By using this site, you agree to our updated Privacy Policy and our Terms of Use. Manage your Cookies Settings.
445,645 Members | 1,047 Online
Bytes IT Community
+ Ask a Question
Need help? Post your question and get tips & solutions from a community of 445,645 IT Pros & Developers. It's quick & easy.

Extending operator + (plus) for byte/short type

P: n/a
While i know that the bytes are cheap today,
i still prefer to use a byte (or short) when
i know that the entity counted isn't larger
than 255 (or 65k). However, it's a real pain
to cast every time i perform an operation.

Example:
private byte a, b;
public byte MyProperty
{ get { return (byte)(a + b); } }

How can i avoid doing that? I'd like to
redeclare/overload the arithmetical
operators so they return a byte (or short)
when computing two bytes (or shorts).

Is it easily doable? Is it doable?

--
Regards
Konrad Viltersten
--------------------------------
sleep - a substitute for coffee for the poor
ambition - lack of sense to be lazy

Nov 9 '08 #1
Share this Question
Share on Google+
11 Replies


P: n/a
K Viltersten wrote:
While i know that the bytes are cheap today,
i still prefer to use a byte (or short) when i know that the entity
counted isn't larger
than 255 (or 65k). However, it's a real pain
to cast every time i perform an operation.

Example:
private byte a, b;
public byte MyProperty
{ get { return (byte)(a + b); } }

How can i avoid doing that? I'd like to redeclare/overload the
arithmetical operators so they return a byte (or short)
when computing two bytes (or shorts).

Is it easily doable? Is it doable?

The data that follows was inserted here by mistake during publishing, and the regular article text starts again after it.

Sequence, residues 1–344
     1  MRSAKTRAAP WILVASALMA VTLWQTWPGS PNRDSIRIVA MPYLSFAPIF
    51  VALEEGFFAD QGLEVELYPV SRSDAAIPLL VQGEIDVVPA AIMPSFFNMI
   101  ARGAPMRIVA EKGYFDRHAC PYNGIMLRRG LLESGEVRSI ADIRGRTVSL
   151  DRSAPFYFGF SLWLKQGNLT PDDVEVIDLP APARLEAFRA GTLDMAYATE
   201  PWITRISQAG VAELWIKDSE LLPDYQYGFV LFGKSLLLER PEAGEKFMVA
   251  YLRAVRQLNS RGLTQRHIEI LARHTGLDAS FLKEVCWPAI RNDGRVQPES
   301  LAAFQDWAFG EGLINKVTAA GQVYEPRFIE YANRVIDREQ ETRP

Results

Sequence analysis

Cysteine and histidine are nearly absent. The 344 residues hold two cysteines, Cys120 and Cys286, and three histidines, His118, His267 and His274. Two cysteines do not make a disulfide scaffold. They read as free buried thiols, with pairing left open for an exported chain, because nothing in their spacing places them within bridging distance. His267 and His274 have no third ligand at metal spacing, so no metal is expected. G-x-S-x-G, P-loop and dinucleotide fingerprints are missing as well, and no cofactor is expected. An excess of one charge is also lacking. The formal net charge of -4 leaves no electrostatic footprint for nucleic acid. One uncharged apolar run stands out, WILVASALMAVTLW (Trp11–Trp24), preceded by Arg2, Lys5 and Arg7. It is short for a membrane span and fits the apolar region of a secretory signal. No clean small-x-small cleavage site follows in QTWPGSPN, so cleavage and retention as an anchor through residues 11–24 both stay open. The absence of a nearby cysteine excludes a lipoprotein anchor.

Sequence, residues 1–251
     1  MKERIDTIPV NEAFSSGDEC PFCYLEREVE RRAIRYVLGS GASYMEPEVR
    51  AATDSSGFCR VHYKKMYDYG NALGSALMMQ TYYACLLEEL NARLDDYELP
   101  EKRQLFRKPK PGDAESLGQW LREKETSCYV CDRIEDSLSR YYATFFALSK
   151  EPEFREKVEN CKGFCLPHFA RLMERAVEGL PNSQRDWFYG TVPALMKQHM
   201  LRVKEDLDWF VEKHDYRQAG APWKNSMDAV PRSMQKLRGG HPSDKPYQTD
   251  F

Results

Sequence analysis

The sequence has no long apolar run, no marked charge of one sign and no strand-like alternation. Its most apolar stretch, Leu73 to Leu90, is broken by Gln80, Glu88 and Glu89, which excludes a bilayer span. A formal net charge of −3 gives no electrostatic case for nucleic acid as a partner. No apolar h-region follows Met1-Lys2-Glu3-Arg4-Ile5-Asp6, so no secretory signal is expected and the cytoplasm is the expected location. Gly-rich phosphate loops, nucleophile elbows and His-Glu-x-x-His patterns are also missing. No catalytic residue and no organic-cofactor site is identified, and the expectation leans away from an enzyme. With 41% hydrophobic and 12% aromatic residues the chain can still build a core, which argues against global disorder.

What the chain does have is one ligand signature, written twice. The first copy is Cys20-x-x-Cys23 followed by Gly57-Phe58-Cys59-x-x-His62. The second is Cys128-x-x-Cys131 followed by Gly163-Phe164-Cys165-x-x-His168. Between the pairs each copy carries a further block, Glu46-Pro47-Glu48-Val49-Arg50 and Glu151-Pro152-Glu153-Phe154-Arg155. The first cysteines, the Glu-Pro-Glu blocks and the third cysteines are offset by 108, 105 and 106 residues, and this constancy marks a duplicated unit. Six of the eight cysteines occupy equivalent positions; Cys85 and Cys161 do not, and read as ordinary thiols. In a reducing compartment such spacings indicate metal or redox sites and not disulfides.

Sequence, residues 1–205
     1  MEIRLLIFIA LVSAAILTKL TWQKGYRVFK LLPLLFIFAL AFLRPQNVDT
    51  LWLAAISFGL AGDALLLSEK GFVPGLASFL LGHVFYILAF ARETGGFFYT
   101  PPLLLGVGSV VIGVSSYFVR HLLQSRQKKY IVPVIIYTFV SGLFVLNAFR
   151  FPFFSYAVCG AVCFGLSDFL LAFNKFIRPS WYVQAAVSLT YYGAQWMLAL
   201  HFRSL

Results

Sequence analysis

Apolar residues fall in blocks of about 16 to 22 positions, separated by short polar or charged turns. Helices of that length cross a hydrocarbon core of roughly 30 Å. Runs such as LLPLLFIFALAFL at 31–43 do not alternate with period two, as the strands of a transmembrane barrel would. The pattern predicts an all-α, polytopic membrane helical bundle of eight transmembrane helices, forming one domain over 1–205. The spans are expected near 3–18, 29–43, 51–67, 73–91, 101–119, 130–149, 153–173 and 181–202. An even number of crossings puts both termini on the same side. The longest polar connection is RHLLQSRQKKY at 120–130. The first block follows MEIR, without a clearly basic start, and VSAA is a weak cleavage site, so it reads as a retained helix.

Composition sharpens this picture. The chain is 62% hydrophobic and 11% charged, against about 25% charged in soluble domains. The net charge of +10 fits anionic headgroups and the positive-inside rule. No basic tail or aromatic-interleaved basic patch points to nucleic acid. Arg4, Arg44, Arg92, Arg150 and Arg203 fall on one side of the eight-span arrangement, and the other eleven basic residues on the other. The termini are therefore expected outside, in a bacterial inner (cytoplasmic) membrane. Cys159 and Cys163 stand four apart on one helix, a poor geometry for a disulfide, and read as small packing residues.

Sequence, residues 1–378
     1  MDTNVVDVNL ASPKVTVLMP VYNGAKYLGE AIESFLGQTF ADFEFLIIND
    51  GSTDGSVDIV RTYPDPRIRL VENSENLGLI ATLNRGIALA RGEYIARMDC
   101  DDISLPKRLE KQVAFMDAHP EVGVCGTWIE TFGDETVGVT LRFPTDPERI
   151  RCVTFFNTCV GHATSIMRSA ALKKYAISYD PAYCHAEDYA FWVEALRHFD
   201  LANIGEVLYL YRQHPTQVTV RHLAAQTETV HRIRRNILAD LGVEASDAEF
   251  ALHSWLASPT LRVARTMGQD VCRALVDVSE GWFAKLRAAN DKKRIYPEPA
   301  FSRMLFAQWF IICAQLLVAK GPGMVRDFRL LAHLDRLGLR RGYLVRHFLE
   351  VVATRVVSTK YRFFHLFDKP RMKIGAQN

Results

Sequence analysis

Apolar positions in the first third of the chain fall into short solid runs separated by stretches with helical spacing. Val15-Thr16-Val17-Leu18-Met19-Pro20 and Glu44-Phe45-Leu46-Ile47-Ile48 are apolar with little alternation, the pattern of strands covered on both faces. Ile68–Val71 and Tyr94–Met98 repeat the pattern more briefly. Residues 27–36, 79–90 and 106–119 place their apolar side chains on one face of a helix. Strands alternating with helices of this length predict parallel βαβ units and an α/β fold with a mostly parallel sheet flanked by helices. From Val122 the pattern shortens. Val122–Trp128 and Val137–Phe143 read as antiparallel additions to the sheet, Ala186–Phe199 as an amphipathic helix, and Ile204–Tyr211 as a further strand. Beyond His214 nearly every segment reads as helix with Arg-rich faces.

I don't think it is doable.

You should change your coding style and use int. Not only is the space
saving insignificant, but you potentially could end up spending more
CPU cycles and memory for code.

Arne
Nov 9 '08 #2

P: n/a
K Viltersten wrote:
While i know that the bytes are cheap today,
i still prefer to use a byte (or short) when i know that the entity
counted isn't larger
than 255 (or 65k). However, it's a real pain
to cast every time i perform an operation.

Example:
private byte a, b;
public byte MyProperty
{ get { return (byte)(a + b); } }
It *should* be a pain. You get a good indication of the work the CPU has to do.

Operating on 32-bit integers is vastly more efficient for a 32-bit CPU than
operating on bytes. The only reason you could have to use bytes is to save
memory, but you have to be pretty tight on that before you can justify the
slowdown in processing. And you have to show that you're actually *saving*
memory: more instructions are needed to manipulate bytes, and those take up
memory too.

About the only time you encounter bytes is in byte arrays. Individual bytes
are converted to ints for any nontrivial operation, and they should stay
that way until you store them back.

Public properties should basically never be smaller than an int, it doesn't
pay (unless, again, you can show that you really need the memory) or when
they're part of a predefined interop structure.

Using "short" or "byte" to enforce ranges is a bad idea: it's easy to throw
in a cast to force the value to be in range, but does this actually produce
the correct result? Checking the range explicitly in the setter is a better
idea.
How can i avoid doing that? I'd like to redeclare/overload the
arithmetical operators so they return a byte (or short)
when computing two bytes (or shorts).
Can't be done in C#. In fact, it can't be done in any .NET language I'm
aware of. Those operations map to CLR primitives and overloading them from a
language would be decidedly strange -- not to mention inefficient.

--
J.
Nov 9 '08 #3

P: n/a
Arne Vajhøj wrote:
K Viltersten wrote:
>While i know that the bytes are cheap today,
i still prefer to use a byte (or short) when i know that the entity
counted isn't larger
than 255 (or 65k).
That is, 127 or 32767. Both types are signed.
>However, it's a real pain
to cast every time i perform an operation.